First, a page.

Global Health at Stony Brook Children's
A robust education in Global Health (GH) is an important component of the pediatric residency program at Stony Brook Children's. We aim to increase knowledge and awareness of Global Health as part of the basic pediatric residency training and use several educational opportunities to achieve this goal. Our pediatric residents enjoy a monthly GH journal club that meets for dinner with several faculty members trained and experienced in GH. Each month a different GH topic is discussed either via traditional lectures, case presentations, discussions, journal reviews, or films/media based off of our GH curriculum.
In addition, our annual GH Uganda elective spans two to four weeks and offers residents with an expressed interest in GH a genuinely unique experience. The elective seeks to help the pediatric resident better understand the health care needs of diverse populations, particularly in countries where children have high levels of morbidity and mortality. Residents are trained to recognize a vast array of tropical and infectious diseases, which strengthens their clinical skills and medical knowledge, while also instilling sensitivity to the costs of medical care in countries and settings with limited resources. Our Stony Brook Children's Global Health rotation director accompanies the residents to Uganda for this annual elective and provides real-time feedback, mentorship, and teaching.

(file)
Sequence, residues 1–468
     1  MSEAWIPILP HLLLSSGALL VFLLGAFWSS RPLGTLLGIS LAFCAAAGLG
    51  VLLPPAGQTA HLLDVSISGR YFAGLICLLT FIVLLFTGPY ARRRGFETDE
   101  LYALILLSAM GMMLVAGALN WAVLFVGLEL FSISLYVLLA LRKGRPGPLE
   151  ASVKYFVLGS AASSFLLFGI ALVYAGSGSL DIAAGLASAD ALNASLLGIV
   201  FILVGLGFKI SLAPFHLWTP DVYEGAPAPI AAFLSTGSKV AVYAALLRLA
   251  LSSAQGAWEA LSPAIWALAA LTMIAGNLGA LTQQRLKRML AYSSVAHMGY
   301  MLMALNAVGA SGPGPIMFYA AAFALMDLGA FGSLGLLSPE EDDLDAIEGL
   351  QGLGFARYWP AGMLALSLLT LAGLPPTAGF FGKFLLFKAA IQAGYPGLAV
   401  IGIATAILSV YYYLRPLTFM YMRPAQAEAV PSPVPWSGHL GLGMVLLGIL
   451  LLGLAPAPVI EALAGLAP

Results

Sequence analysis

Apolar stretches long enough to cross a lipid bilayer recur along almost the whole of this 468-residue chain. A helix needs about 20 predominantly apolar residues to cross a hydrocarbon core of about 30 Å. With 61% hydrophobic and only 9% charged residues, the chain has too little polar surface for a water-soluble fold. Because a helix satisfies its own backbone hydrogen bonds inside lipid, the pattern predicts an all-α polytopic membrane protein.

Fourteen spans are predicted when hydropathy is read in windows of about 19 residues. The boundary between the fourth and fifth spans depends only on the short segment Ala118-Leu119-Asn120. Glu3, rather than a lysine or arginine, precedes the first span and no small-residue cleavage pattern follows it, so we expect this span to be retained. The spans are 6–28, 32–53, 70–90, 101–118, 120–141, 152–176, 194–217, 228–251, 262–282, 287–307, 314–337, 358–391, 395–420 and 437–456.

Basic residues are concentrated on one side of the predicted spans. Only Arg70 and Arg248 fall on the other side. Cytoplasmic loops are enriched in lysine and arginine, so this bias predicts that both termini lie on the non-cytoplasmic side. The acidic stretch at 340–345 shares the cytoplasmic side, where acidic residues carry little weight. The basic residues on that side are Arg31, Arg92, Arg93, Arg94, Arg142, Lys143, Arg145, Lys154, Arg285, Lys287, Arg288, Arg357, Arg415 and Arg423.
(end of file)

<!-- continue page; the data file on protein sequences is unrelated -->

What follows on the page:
The elective encompasses outpatient care working in rural clinics; inpatient care working in the pediatric wards of Mbale Regional Referral Hospital - the major hospital in the eastern part of Uganda; a teaching/educational component educating “Village Health workers” in nutrition, hygiene, and basic first aid; and a community education or research project. For example, residents have become certified in the “Helping Babies Breathe” program - a neonatal resuscitation course - and then taught these skills to various levels of health care providers. To augment their learning experience, residents on the Uganda elective are encouraged to prepare a talk on a global health or tropical medicine topic, which they then present to their peers and other healthcare providers. During their elective time, residents will also spend two to three days living with a family in one of the rural communities, which helps them gain an understanding of the determinants of health and experience life in a typical Ugandan family. Stony Brook residents return from the international rotation with a greater appreciation of international medical challenges, cultural differences, and cultural sensitivity. Many of these residents go onto incorporate global health medicine in their future careers.